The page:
We've got two urgent DMs to answer today, so let's get to it!
First, we've got this anonymous young woman, whose time in COVID-19 isolation has her tempted to sext her ex:
Okay, first of all, it seems like a whole lot of people are getting horny in quarantine — so many, in fact, that actual medical doctors are being asked to explain it. So you definitely aren't alone on that front, my friend.
Still, I'm gonna tell you NOT to sext with your ex. Because there's one thing worse than being horny in quarantine, and that is being SAD in quarantine.
Your ex is an ex for a reason. And while sexting with them might solve your loneliness problem, it's likely to create a million new problems in your life as soon as the digital deed is done.
Look. You've only been broken up for a few months. That's still very recent! It's likely you'd be having these temptations even if there wasn't a worldwide pandemic happening right now. Missing your ex after a breakup is quite natural — but it's also a big, fat trap. Don't fall for it!
Find ways to distract yourself whenever you start to miss them. Take up a new hobby, deep-clean your apartment, do some at-home workouts, catch up with old friends. Heck, get on Tinder and go on some FaceTime dates. For better or worse, we're all finding ourselves with PLENTY of free time right now. Use it to invest in yourself, not your ex.
As for any lingering quarantine horniness? Well, far be it from me to promote any other website than BuzzFeed, but I think there are more than a few places online that can help you out with that, if ya know what I mean.
Good luck, steer clear of your ex, and go wash your hands.
Next up, we've got this bride-to-be, who isn't sure whether to invite her parents to her wedding:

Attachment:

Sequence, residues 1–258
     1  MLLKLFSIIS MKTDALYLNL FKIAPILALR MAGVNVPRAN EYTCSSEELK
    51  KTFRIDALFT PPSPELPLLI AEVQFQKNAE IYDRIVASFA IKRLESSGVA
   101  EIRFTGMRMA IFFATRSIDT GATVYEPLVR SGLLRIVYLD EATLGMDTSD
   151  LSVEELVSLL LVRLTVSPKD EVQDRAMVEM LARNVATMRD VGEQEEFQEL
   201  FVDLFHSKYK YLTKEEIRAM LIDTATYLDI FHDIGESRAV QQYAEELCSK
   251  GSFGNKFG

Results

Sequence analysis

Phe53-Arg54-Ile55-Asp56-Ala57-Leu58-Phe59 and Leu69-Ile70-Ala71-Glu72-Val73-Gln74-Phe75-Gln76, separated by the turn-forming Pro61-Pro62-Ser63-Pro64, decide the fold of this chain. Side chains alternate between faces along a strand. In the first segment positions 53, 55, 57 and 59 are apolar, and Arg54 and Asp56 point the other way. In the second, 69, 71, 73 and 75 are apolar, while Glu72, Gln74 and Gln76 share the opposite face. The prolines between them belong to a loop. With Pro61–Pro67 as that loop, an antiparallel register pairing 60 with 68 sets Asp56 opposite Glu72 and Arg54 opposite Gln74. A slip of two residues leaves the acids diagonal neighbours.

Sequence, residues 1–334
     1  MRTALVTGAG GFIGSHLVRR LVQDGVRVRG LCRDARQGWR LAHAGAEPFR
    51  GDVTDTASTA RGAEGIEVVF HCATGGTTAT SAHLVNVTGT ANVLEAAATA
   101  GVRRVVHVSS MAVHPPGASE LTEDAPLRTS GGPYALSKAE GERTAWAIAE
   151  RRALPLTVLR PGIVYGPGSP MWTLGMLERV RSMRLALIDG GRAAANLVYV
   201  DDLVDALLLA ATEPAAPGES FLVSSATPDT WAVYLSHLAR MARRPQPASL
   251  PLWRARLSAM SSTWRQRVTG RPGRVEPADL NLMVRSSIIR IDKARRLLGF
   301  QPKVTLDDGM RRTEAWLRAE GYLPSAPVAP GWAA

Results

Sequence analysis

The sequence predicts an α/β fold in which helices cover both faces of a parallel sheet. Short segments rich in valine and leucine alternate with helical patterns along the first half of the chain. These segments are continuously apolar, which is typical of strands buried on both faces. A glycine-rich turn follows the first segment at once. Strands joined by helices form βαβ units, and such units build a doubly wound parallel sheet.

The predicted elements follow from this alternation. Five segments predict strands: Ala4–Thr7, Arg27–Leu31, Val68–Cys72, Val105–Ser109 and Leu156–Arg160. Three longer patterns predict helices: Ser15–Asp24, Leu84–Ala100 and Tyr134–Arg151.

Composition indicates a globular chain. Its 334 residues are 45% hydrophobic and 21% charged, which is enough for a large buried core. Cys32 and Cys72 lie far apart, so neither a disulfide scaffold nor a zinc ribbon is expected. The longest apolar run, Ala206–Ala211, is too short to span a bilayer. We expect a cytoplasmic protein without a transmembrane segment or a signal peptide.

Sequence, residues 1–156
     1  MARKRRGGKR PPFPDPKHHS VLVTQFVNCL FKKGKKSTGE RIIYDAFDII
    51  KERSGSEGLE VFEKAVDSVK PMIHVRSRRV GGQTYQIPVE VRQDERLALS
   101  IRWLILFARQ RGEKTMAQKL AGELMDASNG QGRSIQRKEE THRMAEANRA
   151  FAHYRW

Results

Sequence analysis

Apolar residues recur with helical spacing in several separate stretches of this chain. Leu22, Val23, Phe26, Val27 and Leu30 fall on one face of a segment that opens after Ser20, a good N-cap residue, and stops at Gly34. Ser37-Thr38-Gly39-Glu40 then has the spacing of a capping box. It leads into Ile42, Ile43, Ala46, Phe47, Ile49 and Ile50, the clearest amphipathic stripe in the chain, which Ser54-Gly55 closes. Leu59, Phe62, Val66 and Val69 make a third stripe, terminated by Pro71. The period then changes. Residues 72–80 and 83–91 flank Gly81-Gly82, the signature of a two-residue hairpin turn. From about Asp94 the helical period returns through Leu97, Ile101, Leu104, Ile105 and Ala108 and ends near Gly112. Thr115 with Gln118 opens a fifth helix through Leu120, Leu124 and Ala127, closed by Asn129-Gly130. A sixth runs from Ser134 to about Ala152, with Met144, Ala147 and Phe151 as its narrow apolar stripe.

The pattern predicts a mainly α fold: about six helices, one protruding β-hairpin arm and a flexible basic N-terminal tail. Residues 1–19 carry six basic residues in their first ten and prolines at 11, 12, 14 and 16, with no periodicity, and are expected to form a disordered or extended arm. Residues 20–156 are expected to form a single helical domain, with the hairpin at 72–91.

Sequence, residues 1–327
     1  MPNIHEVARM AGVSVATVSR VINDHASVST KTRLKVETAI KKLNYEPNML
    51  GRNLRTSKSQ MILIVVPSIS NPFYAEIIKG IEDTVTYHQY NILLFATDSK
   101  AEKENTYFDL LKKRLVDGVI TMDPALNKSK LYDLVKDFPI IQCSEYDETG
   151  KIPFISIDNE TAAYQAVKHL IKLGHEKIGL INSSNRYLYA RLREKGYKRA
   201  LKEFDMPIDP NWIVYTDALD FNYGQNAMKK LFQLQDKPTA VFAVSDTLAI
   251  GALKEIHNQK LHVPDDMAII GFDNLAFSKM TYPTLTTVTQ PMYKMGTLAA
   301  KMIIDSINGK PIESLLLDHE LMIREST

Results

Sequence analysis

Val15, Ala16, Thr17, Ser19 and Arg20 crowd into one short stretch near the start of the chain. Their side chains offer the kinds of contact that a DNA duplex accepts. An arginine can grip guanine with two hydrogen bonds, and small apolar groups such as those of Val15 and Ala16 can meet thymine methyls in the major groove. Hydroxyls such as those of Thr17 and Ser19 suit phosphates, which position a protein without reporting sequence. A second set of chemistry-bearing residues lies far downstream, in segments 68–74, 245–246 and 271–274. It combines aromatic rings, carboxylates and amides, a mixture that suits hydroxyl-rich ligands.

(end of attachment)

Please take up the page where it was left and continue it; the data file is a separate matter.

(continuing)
Nah, don't invite your parents. Your wedding should be a day to celebrate and enjoy yourself, and I don't think that will happen with your estranged parents staring you down from Table 2.
Full disclosure: My advice might be different if I thought your parents were capable of showing up and behaving themselves. But you say they'll revolt if they don't get to walk you down the aisle. To not speak to you for a year and then demand aisle-walking privileges is, frankly, nuts, and tells me they don't understand boundaries. So this is one boundary you'll have to set for them — by leaving them off the guest list.
You mention that people close to you are urging you to invite your parents. I'm sure these folks mean well, and in fairness to them, wedding culture has brainwashed all of us! We live in a world where third cousins, random coworkers, and creepy uncles all somehow work their way onto the wedding guest list — so OF COURSE your parents should be there too, right?
Except your parents shouldn't be there, because you don't have a relationship with them, and their presence is likely to ruin an otherwise happy occasion. It's really that simple! So let your friends know your decision, and ask them to respect it.
Remember that your wedding is just one day of your life. There will be other days when you and your parents can work toward reconciliation — days when you aren't busy, y'know, getting married and stuff. That's assuming you even want to reconcile — maybe you don't! In any event, a wedding is not the place to heal deep familial wounds.
I'm glad you mentioned your "homemade family." It sounds like you'll be surrounded by people who love and support you on your wedding day. That's what really matters. Stick with those people, and I don't think you'll have any regrets.
Well, that's all the advice I'm giving today, folks. But now it's your turn — sound off in the comments with YOUR best advice for today's letter writers. I'll be reading...